In the year of her eldest son, Joseph’s birth (1768), the French invaded and conquered Corsica, a traditionally Italian locale. Carlo Bonaparte, who initially supported Pasquale Paoli, a Corsican patriot leader, soon shifted his allegiance to the French and accepted their rule. Letizia’s husband would eventually raise high in the favor of the French to serve as the Corsican Representative to King Louis XVI of France.

The Bonapartes were good friends of Monsieur Charles Louis de Marbeuf, the Governor of Corsica and the Intendant, Claude-François Bertrand de Boucheporn. De Boucheporn’s wife, Madame de Boucheporn was the godmother of Louis (while Monsieur de Marbeuf was the godfather) and a close friend of Letizia. According to Anatole Durand, author of Éloge Historique de Monsieur de Boucheporn, “[Monsieur de Boucheporn] helped by his credence and perhaps even his purse the young Napoleon to be admitted to the Brienne cadet school.”2

Motherhood and Widowhood

Letizia was not one to coddle her children and she insisted that they bathe daily, especially in a time where children sometimes bathed once a month. Some considered her to down-to-earth and tough on her children. Despite her husband’s high rank at the French Court, Letizia never actually learned French and only spoke Italian and Corsican.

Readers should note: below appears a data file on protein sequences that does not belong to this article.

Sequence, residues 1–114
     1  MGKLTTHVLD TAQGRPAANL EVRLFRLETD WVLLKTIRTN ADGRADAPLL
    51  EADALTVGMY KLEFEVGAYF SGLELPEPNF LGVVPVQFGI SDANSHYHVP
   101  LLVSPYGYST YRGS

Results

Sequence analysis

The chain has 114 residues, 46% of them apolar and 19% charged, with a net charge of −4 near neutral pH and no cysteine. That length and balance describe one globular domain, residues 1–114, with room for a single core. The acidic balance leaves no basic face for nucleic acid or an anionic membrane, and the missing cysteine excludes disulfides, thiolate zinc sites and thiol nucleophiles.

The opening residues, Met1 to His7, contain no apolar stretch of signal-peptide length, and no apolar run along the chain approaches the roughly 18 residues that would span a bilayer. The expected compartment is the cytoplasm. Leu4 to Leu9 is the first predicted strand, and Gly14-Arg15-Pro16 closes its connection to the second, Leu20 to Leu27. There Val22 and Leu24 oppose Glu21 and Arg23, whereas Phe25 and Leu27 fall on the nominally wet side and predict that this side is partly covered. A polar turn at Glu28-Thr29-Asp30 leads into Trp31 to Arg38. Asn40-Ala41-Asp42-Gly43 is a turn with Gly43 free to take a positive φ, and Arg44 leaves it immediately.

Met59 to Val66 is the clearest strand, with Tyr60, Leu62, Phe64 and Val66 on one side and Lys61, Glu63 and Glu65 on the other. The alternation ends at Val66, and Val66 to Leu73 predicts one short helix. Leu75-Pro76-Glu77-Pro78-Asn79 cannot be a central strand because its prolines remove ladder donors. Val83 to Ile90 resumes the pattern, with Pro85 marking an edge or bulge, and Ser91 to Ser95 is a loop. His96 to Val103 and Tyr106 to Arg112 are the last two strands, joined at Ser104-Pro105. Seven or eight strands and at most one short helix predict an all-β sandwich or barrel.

A deathbed portrait of Letizia Bonaparte.

In 1782, Carlo Bonaparte began to grow weak and travelled to Montepellier accordingly to receive medical care. Finally at the age of 35, Carlo died on 24 February 1785 from what was believed to be stomach cancer. His youngest son Jérôme was born just three months before Carlo passed away thus he never really knew his father. Carlo left the entire family penniless due to his horrid spending habits and the Bonapartes barely had anything to live on.

As her third-born son, Napoleon rose to prominence in France and was an impressive military leader throughout all Europe, Letizia was granted the title “Madame Mère de l’Empereur” or “Madam, the Mother of His Imperial Majesty The Emperor.” This occurred between the 18th of May in the year 1804 and the 23rd of March in 1805. When her son Napoleon married Josephine de Beauharnais, an old widow with two children, she was far from pleased. The truth is that the Bonaparte women felt clumsy and unsophisticated in the presence of the beautiful and polished Josephine which bred hostility and resentment.

When her son Napoleon was exiled to Elba in 1814, she stayed with her son but moved to Palazzo D’Aste-Bonaparte in Rome the following year. Letizia was known to live out the rest of her life at the Palazzo D’Aste-Bonaparte with her younger brother, the Cardinal Joseph Fesch. Blind later in her life, she barely saw any of her other family members and was scarcely parted from her brother. On the 2nd of February in 1836, Letizia Bonaparte passed away, having mothered many children and lived a long, full life. She was 85-years-old.


  1. Max Hastings, “Everything is Owed Glory”, The Wall Street Journal. October 31, 2014.
  2. Anatole Durand, Éloge Historique de Monsieur de Boucheporn. Metz, 1866.